PLANT OF THE WEEK #85: Clematis 'Rooguchi'

The truth is that virtually any well-grown clematis, except perhaps the more common montana types, is likely to induce a groan of acquisitive longing from me.  There’s just something so other-worldly about them, so that even when you know they’re real, when they’re right before your eyes, they’re too good to be true.

But this is especially so, for me, with those that squeeze in at the waist before the sepals flare, like texensis and its hybrids.  I’m not sure quite how to describe them.  As lame as it feels to write it, they look like they’re puckering up for a kiss.

Which leads me to Clematis ‘Rooguchi’.  This is one of that very short list of plants that it’s just not possible to overrate.  For poise and elegance it’s right off the charts.  The flared, bell-shaped flowers hang from long, slender, indigo-stained stems.  Actually, ‘hang’ is not the right word.  When you tilt up the stems, the flowers tilt outwards accordingly, so they’re held rigidly in this position, and only appear to be hanging.

It even veers off the plausibility charts. Each sepal is powerfully ribbed on the outside, the ribs undulating through inky blue colouring of such glossiness that you’d swear they’d been polished. Just over halfway down the bell, the four sepals split apart, and while I can’t figure out how it works, it’s as if the inside surface of the flower continues to expand, so that the split edge, in suede-like pale demin, flares to give a false impression of sepal thickness.  

Damn.  I’m making a mess of this.  I wanted to stay all poetic – to do less is to undersell it – but my description sounds more like a deconstruction.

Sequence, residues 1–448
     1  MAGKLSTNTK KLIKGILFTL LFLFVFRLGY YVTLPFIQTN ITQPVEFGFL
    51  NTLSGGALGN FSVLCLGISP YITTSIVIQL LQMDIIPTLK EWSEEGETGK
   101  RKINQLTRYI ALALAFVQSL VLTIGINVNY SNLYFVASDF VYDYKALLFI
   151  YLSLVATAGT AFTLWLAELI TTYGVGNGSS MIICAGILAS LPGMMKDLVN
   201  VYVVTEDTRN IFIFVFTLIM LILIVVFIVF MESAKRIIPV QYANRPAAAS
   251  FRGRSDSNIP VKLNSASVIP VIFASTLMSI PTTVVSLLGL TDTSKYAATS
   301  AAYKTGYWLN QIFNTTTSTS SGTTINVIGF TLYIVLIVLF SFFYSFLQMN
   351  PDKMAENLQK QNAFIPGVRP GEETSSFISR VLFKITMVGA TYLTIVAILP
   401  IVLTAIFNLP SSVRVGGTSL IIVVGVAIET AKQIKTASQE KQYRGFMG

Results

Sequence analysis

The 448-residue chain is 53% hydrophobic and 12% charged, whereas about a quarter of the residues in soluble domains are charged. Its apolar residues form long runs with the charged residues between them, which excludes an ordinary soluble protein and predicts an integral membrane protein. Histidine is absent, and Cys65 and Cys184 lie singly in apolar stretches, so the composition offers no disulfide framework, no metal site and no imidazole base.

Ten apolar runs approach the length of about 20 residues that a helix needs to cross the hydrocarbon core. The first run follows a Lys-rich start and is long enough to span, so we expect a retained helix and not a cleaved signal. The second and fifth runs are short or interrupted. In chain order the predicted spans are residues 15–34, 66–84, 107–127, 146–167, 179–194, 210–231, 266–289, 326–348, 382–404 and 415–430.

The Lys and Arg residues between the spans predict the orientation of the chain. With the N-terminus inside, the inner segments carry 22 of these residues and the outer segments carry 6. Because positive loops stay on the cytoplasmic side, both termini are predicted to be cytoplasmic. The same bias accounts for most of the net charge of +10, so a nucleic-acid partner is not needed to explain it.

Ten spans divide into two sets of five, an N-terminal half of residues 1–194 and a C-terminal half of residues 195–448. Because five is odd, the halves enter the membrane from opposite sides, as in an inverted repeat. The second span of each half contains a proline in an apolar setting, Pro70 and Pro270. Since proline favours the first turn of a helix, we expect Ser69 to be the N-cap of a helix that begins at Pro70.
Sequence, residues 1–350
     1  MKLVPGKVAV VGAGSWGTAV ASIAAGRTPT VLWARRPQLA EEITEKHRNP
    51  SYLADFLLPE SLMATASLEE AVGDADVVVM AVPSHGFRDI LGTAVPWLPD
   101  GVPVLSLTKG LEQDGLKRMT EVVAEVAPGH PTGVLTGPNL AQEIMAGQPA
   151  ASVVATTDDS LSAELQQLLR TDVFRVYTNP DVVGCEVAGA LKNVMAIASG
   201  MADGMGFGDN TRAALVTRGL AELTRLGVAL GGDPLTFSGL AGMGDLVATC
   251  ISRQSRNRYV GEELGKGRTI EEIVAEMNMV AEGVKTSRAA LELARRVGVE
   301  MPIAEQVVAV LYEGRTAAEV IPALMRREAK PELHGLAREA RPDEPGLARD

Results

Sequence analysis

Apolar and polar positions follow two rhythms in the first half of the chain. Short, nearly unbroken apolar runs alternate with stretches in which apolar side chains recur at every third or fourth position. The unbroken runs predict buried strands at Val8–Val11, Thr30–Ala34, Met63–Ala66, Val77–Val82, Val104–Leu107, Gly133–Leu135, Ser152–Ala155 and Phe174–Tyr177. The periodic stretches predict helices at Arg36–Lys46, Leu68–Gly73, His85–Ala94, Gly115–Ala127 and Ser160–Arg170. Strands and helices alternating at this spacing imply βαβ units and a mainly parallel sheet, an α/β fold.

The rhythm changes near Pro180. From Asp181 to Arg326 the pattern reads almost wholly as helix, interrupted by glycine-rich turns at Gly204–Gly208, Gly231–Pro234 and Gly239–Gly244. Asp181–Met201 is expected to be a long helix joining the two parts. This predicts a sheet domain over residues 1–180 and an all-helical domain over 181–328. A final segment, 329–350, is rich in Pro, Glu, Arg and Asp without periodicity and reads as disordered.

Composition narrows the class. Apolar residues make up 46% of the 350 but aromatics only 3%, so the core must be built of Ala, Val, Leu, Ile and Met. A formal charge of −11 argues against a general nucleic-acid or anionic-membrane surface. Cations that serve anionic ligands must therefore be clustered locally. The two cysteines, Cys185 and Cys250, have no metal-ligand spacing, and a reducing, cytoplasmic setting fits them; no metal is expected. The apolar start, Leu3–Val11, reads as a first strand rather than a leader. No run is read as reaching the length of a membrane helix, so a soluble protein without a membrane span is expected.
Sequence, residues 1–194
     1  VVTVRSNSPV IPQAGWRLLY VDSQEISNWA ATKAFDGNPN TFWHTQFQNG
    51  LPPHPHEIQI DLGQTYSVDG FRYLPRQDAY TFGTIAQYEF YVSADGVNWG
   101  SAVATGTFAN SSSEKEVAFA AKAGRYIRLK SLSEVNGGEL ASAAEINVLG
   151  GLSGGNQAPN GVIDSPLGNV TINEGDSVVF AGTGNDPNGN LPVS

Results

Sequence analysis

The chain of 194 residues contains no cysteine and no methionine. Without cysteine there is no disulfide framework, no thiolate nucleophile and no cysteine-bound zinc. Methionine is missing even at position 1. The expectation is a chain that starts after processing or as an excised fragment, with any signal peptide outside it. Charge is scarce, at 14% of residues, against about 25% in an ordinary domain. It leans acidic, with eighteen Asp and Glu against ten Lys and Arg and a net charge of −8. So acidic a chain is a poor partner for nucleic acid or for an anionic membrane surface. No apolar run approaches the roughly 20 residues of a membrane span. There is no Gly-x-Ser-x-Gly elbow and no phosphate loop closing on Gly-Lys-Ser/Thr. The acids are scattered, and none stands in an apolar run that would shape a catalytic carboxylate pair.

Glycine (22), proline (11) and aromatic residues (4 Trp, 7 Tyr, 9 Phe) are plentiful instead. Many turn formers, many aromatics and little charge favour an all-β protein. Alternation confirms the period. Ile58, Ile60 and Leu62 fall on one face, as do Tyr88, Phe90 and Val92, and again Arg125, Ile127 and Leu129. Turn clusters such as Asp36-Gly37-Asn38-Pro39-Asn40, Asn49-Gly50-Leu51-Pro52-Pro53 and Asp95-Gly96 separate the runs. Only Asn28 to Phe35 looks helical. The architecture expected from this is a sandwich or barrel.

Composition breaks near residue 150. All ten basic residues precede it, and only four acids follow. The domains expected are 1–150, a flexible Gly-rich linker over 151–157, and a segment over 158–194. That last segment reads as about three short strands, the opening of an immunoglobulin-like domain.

Like one of its parents, C. integrifolia, C.’Rooguchi’ is a non-climber, and is best scrambling over a shrub, or over a wall.  Mine grows against a home-made trellis with sticks resulting in 15cm openings, something like the size of those in concrete reo, so I just push the stems though the trellis as they grow.  In this year, given the rainfall, it has flowered at 2m tall.  

The only downside with C. ‘Rooguchi’ is that it’s subject to mildew when stressed. The first two years this pretty much ruined its display for me, but this year it has remained clear – so far.  Some authorities say that it’s worst on young plants, but it feels like I’m asking for trouble if I claim mine has grown out of it.

As for its fine pedigree, no one says it better than the writers for – ‘Some (breeders) are technicians, some are gamblers, and some are visionaries, such as the late Kazushige Ozawa. He imagined a superlative bell-shaped flower of nuanced color appropriate to his audience, performers of the Japanese tea ceremony. This ceremony requires a single evocative bloom to enhance the mood of the ceremony. For this purpose he wed Clematis integrifolia to Clematis reticulata to create C. ‘Rooguchi.’

It has been in bloom for months in my garden, and stand and stare as I might, I still can’t quite believe that it’s real.

BTW, I’m quite fond of the common montanas.  They just don’t quite make me heart skip a beat in the same way as the summer-flowering forms do

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